Archaeologists come across a ‘jovial’ skeleton mosaic in Turkey

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People did have sense of humor (with a dash of hedonism) in the 3rd century BC, or around 2,300 years ago. At least that is what is evident from an incredible ancient mosaic recently discovered in Hatay, a Turkish province that just borders Syria from the north. Th artwork in question features a seemingly ‘cheerful’ looking skeleton casually holding a drink, while a Greek inscription by his head reads – “Be cheerful, enjoy life.”

According to state-based Anadolu (news) Agency, Hatay province is already home to the most number of mosaics found in Turkey. As for this particularly jovial artwork, it was originally positioned along the dining area of a contemporary house. The residence was located in Antiocheia, a city that grew to be the third largest in the world during the Roman era. As Demet Kara, an archaeologist from the Hatay Archaeology Museum, said –

Antiocheia was a very important, rich city. There were mosaic schools and mints in the city. The ancient city of Zeugma in [the southeastern province of] Gaziantep might have been established by people who were trained here. Antiocheia mosaics are world famous.

As for the symbolism behind the entire set of these mosaics, including the ‘cheerful’ skeleton, Kara made it clear –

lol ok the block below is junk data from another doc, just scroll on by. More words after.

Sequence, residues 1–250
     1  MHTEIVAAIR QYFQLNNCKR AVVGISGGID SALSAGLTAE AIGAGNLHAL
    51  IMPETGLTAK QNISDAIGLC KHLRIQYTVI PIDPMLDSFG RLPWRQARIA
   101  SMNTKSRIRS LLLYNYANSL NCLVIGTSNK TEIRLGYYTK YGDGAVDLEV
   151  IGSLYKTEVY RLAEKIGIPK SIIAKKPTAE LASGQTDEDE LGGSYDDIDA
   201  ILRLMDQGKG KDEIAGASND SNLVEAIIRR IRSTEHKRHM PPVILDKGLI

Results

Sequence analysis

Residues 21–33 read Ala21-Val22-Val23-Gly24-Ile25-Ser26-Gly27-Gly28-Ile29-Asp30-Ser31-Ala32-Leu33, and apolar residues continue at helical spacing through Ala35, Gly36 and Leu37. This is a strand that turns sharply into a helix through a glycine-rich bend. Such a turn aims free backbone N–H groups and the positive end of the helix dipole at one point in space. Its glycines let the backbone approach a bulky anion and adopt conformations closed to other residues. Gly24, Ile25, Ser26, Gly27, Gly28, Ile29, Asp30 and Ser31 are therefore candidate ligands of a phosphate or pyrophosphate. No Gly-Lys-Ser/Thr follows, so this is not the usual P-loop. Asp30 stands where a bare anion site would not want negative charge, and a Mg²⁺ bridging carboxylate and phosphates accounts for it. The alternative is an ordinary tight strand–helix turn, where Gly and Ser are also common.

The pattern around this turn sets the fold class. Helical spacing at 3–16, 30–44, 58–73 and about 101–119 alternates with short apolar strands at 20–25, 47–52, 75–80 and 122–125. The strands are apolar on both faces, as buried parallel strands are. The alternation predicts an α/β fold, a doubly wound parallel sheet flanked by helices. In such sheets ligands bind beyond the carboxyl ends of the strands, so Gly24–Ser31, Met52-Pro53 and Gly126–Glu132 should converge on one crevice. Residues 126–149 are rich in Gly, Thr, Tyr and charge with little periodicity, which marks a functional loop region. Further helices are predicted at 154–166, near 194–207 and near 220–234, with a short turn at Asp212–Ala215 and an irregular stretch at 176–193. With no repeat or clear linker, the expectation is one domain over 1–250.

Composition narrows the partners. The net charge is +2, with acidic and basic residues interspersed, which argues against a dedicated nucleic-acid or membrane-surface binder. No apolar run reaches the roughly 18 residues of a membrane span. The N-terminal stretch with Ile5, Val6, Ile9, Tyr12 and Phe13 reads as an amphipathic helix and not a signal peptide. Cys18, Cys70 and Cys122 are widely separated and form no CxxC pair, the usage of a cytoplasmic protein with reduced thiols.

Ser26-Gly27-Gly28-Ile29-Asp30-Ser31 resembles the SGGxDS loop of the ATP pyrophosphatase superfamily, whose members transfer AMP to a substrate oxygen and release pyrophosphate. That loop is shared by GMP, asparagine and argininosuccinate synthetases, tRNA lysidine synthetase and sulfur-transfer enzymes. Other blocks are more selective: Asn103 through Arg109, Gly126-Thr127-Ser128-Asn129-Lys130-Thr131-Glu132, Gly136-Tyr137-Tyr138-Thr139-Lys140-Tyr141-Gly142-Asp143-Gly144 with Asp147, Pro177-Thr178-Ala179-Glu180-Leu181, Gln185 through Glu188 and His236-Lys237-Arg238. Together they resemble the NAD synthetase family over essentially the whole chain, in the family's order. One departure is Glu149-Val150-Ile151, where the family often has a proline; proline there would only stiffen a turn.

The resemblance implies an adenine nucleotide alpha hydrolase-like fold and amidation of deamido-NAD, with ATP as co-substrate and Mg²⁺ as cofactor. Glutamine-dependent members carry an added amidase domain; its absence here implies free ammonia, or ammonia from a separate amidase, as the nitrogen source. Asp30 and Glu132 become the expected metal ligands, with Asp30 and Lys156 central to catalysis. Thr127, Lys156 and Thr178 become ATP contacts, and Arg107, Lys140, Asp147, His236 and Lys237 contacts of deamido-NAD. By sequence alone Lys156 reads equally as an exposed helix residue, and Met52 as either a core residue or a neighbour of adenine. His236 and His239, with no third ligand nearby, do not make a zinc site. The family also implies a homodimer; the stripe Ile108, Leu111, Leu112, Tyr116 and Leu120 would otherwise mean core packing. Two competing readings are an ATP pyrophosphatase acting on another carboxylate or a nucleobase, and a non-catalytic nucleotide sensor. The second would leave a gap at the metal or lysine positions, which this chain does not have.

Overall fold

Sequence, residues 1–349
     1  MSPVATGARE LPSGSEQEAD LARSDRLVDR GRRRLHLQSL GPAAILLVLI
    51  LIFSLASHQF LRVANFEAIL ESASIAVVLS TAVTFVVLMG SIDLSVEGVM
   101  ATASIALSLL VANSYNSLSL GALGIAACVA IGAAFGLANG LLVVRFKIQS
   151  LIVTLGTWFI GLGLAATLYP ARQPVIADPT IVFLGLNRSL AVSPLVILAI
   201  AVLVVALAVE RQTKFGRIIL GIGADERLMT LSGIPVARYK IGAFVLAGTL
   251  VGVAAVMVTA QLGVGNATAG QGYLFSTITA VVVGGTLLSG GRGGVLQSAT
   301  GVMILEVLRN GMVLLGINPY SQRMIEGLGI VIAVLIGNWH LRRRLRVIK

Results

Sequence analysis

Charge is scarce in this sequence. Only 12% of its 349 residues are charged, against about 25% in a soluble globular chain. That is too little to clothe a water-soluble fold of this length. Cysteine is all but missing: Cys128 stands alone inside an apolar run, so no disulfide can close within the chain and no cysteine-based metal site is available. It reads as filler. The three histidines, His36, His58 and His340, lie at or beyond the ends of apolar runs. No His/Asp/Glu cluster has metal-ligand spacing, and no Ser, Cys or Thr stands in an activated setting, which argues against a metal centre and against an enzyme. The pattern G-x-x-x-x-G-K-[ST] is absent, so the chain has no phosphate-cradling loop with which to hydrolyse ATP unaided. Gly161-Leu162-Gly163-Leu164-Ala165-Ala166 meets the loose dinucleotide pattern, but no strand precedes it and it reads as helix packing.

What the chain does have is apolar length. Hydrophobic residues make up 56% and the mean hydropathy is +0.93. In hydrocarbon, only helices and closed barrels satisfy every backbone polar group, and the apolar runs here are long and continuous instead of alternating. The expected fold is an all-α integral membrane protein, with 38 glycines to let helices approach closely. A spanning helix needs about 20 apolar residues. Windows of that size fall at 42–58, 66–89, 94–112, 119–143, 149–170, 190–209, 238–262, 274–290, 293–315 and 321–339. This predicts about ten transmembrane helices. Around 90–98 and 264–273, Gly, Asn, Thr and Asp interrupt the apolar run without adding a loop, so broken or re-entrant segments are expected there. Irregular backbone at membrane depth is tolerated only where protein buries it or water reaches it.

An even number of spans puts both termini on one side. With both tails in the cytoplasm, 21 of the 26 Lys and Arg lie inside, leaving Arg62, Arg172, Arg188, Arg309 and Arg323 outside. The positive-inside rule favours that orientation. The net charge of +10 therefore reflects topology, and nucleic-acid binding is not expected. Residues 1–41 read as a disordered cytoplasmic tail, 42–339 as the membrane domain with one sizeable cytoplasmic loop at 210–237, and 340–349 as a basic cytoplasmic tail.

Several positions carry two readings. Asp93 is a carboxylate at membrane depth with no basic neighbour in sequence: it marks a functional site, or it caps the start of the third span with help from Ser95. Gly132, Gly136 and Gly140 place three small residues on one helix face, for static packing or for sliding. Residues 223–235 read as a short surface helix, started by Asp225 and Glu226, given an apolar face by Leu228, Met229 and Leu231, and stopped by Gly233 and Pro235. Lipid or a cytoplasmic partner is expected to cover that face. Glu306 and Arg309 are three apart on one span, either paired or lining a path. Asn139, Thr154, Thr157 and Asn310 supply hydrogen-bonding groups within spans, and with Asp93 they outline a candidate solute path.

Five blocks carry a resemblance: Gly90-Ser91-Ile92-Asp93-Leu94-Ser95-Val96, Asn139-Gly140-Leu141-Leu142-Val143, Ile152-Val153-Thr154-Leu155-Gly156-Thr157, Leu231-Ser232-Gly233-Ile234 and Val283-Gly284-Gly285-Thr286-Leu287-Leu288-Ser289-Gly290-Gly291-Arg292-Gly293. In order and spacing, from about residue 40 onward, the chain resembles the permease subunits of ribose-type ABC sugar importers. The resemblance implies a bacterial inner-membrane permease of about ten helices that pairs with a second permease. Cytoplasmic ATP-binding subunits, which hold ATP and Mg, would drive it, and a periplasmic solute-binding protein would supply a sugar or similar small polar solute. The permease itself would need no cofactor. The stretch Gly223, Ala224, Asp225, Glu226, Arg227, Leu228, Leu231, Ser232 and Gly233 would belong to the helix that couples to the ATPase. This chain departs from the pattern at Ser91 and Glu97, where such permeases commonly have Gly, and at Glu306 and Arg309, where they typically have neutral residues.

There are three scenes on glass mosaics made of black tiles. Two things are very important among the elite class in the Roman period in terms of social activities: The first is the bath and the second is dinner. In the first scene, a black person throws fire. That symbolizes the bath. In the middle scene, there is a sundial and a young clothed man running towards it with a bare-headed butler behind. The sundial is between 9 p.m. and 10 p.m. 9 p.m. is the bath time in the Roman period. He has to arrive at supper at 10 p.m. Unless he can, it is not well received. There is writing on the scene that reads he is late for supper and writing about time on the other. In the last scene, there is a reckless skeleton with a drinking pot in his hand along with bread and a wine pot. The writing on it reads ‘be cheerful and live your life.

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Via: Hurriyet Daily News

  • Juan

    III century BC is not the Roman period. Be it journalistic or political confusion, the fact is those remains are Greek -Hellenistic.

  • Cassie

    Thanks for sharing. Just for the record, the city was originally Greek and would have been Greek in that period, something that the article (from a Turkish newspaper) avoids saying due to government policy of decades to obfuscate the originally Greek status of many ancient sites in Turkey. (They had to admit to the inscription being Greek of course, because that is impossible to hide! The other city they mention – Zeugma – was also Greek. All of the cities of antiquity in Turkey were built many centuries before the Turks ever even set foot in the region).
    Just for the record 🙂

  • thanks for sharing – ARC mICHAEL OUTSTANDING

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